A buddy of mine says, “If you wait ’til the last minute, it will only take a minute.”
I always thought this was a cute, pithy phrase. Last night I discovered its value.
We were taking Daughter trick-or-treating with her cousin at 6 PM. At 4 PM Husband and I decided to dress up for Halloween. They were simple costumes. Concocted from things around the house. Completely free. And very effective.
We waited until the last minute. And it only took a minute.
Fact: too much time to plan is detrimental to a project.
Two things can happen if you have too much time:
1) You forget about the project. If your deadline for a one-month project is in 15 months, it is logical to postpone the project for 14 months. Over those 14 months, though, you take on and conquer many other challenges. After 14 months, you’ve completely forgotten about the project.
2) You spend all your time working on it. Consider the same one-month project, due in 15 months. If it’s an enjoyable project, or an important project, you are likely to start now. This is the perfect situation to get you into analysis paralysis. You might also get burned out on the project. In 12 months, you’ll be annoyed, burned out, and angry with it.
If this is a personal project, you spent many man-hours on it that you could’ve spent on other things. If this is a business project, you might’ve lost valuable profit margin because you’ve spent much more time than budgeted.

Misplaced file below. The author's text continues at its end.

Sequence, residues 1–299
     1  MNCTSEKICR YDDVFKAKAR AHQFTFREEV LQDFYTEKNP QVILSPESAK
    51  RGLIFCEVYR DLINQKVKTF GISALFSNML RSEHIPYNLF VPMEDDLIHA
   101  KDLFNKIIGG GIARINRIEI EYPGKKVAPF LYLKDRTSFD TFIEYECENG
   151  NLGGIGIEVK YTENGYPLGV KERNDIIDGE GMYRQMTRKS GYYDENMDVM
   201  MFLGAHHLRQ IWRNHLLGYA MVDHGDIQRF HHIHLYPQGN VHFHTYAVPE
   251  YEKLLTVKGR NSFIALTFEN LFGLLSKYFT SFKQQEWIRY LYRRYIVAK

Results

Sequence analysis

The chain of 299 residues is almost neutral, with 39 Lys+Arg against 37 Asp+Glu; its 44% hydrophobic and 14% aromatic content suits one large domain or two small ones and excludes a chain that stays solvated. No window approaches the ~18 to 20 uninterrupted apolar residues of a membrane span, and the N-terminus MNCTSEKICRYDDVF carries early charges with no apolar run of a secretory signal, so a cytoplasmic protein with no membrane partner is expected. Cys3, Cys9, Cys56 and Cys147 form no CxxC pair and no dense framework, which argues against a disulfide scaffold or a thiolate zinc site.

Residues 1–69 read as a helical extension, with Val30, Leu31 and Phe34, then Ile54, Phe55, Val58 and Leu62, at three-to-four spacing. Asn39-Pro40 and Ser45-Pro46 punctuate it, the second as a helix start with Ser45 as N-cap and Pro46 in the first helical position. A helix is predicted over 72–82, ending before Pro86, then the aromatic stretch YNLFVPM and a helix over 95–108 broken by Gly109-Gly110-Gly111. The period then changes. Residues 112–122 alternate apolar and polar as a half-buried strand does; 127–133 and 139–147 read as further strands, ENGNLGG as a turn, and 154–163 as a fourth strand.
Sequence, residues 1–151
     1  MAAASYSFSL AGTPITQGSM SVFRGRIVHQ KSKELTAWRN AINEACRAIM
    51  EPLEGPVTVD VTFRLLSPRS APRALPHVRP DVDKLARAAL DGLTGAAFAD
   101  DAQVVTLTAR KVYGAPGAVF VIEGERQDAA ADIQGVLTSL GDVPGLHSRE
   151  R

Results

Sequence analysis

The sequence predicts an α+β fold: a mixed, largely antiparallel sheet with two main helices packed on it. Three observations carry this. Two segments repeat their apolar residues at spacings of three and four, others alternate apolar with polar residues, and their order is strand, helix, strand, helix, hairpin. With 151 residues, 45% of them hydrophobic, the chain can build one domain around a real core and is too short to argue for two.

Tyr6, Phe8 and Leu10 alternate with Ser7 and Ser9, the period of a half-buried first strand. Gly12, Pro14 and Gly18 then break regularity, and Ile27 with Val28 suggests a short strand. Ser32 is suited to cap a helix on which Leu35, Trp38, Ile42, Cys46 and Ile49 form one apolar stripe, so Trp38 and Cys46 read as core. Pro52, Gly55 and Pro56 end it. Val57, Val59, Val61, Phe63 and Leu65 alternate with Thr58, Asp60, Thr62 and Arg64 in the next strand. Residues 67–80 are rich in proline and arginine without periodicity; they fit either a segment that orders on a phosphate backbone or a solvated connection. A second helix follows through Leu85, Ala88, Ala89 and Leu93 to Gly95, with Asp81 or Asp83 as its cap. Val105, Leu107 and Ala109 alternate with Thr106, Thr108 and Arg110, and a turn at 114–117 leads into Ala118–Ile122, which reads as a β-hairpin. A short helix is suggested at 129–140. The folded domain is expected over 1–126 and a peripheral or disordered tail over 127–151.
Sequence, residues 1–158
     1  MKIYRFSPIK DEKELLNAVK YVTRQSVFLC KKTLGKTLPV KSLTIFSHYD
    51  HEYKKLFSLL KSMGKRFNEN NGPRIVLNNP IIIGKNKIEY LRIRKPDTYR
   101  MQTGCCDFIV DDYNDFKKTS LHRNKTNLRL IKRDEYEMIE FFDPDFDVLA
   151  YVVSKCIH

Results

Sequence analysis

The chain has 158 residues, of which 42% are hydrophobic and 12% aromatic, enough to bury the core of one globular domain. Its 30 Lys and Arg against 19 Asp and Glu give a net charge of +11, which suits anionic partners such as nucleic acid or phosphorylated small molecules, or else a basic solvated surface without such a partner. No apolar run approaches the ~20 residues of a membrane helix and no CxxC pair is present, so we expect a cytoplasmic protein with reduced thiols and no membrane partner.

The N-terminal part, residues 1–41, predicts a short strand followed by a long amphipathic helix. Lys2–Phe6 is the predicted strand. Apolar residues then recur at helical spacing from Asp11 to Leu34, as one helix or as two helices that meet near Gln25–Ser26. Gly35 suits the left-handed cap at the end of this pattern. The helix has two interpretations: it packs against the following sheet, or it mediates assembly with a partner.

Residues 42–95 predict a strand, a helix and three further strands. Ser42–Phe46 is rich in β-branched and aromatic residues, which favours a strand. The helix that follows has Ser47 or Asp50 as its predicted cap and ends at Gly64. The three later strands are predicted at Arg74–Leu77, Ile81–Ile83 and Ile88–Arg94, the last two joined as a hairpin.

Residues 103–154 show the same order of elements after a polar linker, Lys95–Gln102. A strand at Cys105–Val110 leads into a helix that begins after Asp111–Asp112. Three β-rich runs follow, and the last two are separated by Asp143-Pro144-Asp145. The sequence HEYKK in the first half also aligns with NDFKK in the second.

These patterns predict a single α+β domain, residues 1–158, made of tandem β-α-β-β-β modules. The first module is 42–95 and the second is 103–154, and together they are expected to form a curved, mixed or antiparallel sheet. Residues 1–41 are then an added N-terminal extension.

Myth: too little time to plan is detrimental to a project.
If your deadline for a one-month project is in two weeks, you will consider trashing the project. In reality, if you properly manage the next two weeks, you can get your one-month project done. Complete immersion is the key.
Take on the project with a dedication and fervor exceeding what you normally have. As Milo McLaughlin writes, if you want to get to the finish line quicker, “pick up your tortoise, and run with it.” Ignore everything else (except the bare essentials, of course) and git’r done!
I saw this in action last week. A friend of mine had forgotten about a project because the deadline was too far out. She enlisted some help at work and completed the project in record time.
You might be able to simulate or schedule last minute preparation to be most efficient. Allow yourself to “forget about the project” by planning appropriate last-minute time for it. This will allow you to immerse yourself for the right amount of time. You will spend less time planning, and more time doing.
Did I miss anything? Let’s discuss it in the comments.